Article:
Elderhostel Notebook #76 Nov 3, 2000

Welcome to Elderhostel Notebook, the e-zine where hostelers
compare notes on elderhostel programs.

EN is an independent project, appreciative of but not associated
with Elderhostel Inc.          http://www.elderhostel.org

EN has a WWW site at   http://homepage.mac.com/jimolson/EHnotebook

To subscribe to the e-mail edition  and/or to submit reviews of
programs taken send an e-mail to the editor, Jim
Olson, at                      EHnotebook@aol.com

Please keep all correspondence in simple e-mail text format.

    From the Editor's Notebook

I wasn't able to include all of the reports sent in to date, but
any not used in this issue are in the reserve file and will  be
in the next issue.

    Program Reviews

          Berlin/Paris Elderhostel #80071
          Cal Poly, Cambria Pines Lodge, CA
          St Mary of the Wood, Atawalk, Indiana
          The Art Institute of Chicago
          Queen Mary  - Long Beach, California --


  Berlin/Paris Elderhostel #80071
"Joyce S. Cohrs" 

This program, run with the cooperation of IST Cultural Tours, ran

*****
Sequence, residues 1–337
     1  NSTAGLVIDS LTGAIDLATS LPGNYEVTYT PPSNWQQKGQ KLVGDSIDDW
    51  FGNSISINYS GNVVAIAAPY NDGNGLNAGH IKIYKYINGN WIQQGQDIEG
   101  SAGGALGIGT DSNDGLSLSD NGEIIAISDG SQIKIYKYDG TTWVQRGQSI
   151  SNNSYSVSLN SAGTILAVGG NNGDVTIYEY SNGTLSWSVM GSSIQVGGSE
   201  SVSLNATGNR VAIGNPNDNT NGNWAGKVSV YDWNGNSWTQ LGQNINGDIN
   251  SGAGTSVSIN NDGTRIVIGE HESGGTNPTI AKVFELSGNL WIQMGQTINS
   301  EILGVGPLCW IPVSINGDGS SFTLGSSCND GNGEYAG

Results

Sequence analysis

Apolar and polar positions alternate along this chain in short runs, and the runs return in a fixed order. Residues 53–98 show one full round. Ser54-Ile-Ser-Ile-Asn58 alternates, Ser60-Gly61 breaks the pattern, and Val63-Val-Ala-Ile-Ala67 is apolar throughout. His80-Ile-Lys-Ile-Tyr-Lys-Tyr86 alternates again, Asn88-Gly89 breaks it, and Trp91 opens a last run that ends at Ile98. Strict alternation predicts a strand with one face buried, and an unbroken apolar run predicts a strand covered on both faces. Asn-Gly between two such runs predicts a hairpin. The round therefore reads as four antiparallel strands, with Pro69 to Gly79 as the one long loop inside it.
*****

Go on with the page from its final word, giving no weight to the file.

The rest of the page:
from September 30 - October 15, 2000, and included one week at
the Underlinden Hotel in Berlin and one week at Citadines
Apparthotels Montmartre in Paris. On the whole it was a great
trip, especially the week in Berlin, as to content. The one down
note was the lack of organiztion in Berlin on the part of IST
which led to some problems which did not threaten the program
itself but brought about complaints about arrangements which were
completely avoidable with a little foresight. The tour leader in
Berlin didn't have a clue about what her role was or how to make
sure things ran smoothly. Her boss was equally, or more, at

We stayed in the former East Berlin within walking distance of
the Brandenburg Gate and many other historical buildings. The
main lecturer, Tom Abbott, was an American who had lived in
Germany more than 20 years and is an art historian. He also led